Still laboring under its old delusion that the only good library is a closed one, University Hall by its present policy continues to give evidence of looking back with acute nostalgia to the days when curfew rang early and often for Widener. Though the shortcomings of the Father of Libraries have now been remedied on the whole, there is still room for considerable improvement with respect to Boylston and the House libraries if these are to be of maximum service to the students, particularly during the stress of the examination period.
There seems to be no good reason why Boylston, source of most of the required reading in Government 1, History 1, and Economics A, should be closed during examination time through Saturday afternoon and evening until two o'clock Sunday. When the finals in an examination like Government 1 take place the following Monday, as was the case this year, the system works considerable hardship, which is accentuated by the last minute rush for the texts, none too numerous in any case. The same complaint holds true of the House libraries concerning their Sunday morning closure.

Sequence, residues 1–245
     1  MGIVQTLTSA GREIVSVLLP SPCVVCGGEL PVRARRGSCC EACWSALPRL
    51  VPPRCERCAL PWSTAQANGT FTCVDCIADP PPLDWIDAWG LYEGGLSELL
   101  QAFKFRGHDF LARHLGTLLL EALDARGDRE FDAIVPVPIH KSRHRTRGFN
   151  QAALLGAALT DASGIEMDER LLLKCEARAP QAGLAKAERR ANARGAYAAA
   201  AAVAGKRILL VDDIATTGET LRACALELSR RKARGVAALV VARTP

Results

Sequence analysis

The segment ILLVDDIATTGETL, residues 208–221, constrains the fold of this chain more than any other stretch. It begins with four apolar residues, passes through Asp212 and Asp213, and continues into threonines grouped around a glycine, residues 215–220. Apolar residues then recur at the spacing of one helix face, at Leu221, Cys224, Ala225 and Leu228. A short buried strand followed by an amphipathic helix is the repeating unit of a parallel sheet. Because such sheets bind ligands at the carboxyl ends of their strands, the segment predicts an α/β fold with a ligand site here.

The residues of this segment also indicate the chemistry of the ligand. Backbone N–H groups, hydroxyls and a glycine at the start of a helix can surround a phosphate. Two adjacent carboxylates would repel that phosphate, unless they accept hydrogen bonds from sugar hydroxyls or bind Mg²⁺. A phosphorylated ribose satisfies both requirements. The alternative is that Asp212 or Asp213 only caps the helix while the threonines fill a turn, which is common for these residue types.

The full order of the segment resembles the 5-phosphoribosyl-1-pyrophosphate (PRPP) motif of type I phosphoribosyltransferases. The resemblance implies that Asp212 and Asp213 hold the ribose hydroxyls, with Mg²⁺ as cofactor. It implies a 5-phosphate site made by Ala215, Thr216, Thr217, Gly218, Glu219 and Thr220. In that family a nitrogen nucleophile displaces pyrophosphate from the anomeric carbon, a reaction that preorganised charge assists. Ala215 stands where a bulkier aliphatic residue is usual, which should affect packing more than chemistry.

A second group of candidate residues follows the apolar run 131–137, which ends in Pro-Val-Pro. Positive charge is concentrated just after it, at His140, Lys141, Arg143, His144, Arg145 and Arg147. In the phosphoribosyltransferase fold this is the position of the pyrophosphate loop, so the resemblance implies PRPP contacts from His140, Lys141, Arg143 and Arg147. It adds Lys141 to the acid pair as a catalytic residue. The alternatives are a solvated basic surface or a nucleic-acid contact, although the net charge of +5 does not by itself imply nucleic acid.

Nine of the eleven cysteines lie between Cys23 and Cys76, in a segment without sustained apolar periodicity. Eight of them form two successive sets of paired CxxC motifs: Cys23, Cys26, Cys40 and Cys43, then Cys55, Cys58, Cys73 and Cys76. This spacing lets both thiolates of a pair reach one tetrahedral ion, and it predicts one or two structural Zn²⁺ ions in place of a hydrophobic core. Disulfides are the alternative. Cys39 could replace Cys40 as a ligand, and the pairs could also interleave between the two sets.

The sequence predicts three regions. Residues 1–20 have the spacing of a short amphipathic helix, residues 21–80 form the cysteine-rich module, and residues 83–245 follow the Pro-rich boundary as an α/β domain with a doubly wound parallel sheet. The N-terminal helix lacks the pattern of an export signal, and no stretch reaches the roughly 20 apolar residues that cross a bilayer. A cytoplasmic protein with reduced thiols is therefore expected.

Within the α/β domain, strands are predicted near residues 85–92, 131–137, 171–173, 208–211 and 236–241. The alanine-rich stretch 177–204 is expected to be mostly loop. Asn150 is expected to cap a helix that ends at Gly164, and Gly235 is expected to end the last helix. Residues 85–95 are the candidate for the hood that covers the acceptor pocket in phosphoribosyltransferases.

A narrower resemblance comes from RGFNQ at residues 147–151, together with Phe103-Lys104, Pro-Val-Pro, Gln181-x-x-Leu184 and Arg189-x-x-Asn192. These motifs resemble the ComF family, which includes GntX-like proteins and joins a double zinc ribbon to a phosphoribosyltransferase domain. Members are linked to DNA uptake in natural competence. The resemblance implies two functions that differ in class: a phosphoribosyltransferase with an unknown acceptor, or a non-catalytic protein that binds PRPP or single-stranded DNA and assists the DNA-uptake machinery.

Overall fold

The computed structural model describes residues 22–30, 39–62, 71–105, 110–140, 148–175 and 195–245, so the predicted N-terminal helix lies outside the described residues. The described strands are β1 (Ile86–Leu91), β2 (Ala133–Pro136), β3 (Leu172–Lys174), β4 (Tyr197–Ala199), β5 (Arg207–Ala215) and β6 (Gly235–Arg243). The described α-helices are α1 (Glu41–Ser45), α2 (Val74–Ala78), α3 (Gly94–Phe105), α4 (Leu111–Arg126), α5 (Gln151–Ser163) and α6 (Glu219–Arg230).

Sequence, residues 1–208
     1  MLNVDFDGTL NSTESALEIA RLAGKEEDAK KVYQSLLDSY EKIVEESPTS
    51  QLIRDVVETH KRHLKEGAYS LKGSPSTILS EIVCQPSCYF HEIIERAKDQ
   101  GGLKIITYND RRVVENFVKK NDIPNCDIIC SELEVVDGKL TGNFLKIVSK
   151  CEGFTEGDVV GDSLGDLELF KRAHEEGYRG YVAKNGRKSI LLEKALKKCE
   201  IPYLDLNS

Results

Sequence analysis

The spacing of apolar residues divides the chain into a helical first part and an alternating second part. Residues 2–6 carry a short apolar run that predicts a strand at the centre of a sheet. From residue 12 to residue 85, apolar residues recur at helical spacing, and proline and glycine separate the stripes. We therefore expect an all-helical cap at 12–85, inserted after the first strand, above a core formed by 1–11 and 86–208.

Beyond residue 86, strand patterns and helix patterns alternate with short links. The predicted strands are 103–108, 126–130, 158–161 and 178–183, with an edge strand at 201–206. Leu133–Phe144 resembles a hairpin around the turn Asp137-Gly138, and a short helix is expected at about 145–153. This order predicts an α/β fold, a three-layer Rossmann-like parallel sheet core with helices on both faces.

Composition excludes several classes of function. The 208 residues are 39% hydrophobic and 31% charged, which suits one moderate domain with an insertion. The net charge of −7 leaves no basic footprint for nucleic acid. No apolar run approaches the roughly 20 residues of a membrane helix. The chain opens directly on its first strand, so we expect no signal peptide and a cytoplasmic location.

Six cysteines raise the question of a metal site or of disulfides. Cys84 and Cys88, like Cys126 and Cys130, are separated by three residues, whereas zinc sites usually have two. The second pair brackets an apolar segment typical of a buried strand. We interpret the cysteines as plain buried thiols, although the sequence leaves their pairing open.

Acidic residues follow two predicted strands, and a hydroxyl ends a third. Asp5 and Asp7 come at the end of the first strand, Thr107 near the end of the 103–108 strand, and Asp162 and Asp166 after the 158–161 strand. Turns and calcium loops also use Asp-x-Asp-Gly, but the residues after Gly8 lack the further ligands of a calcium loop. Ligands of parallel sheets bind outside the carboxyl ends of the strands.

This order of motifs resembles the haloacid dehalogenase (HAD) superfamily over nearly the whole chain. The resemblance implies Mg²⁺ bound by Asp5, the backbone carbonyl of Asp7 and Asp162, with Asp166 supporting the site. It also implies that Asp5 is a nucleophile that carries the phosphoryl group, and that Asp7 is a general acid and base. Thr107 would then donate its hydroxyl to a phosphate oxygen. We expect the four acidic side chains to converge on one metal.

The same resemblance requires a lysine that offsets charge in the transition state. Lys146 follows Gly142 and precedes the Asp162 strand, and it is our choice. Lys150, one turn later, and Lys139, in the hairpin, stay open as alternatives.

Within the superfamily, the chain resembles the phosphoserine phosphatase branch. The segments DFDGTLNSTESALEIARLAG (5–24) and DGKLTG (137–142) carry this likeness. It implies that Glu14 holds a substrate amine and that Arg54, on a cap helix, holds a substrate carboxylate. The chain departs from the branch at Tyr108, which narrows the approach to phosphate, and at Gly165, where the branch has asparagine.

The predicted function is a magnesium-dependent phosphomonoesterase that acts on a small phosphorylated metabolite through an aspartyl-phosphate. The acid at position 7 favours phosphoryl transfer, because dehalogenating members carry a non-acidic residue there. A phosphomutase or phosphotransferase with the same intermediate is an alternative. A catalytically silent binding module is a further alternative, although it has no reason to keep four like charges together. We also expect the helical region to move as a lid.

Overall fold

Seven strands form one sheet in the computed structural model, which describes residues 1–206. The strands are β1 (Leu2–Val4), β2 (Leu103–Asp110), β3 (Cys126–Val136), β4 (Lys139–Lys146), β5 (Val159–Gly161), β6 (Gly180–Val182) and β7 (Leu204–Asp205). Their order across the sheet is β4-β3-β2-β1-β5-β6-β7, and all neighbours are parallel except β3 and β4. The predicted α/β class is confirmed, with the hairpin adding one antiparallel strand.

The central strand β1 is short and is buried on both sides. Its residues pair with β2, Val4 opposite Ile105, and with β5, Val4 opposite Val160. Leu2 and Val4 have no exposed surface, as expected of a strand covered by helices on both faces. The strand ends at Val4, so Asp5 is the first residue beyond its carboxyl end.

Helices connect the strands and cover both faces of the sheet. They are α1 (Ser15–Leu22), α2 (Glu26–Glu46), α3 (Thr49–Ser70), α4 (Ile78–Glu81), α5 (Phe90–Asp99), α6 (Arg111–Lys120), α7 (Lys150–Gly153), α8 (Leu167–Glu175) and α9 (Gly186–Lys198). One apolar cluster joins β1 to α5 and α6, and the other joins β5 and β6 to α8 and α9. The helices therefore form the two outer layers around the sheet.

No specious plea of economy of light and heat can be advanced for these unreasonable closing hours; the expense for the required attendants for the few days necessary would be comparatively slight in itself. And with time and books at a premium during the examination period the opening of Boylston and the House libraries during the hours indicated would be of material assistance in lightening the burden of study at this crucial time.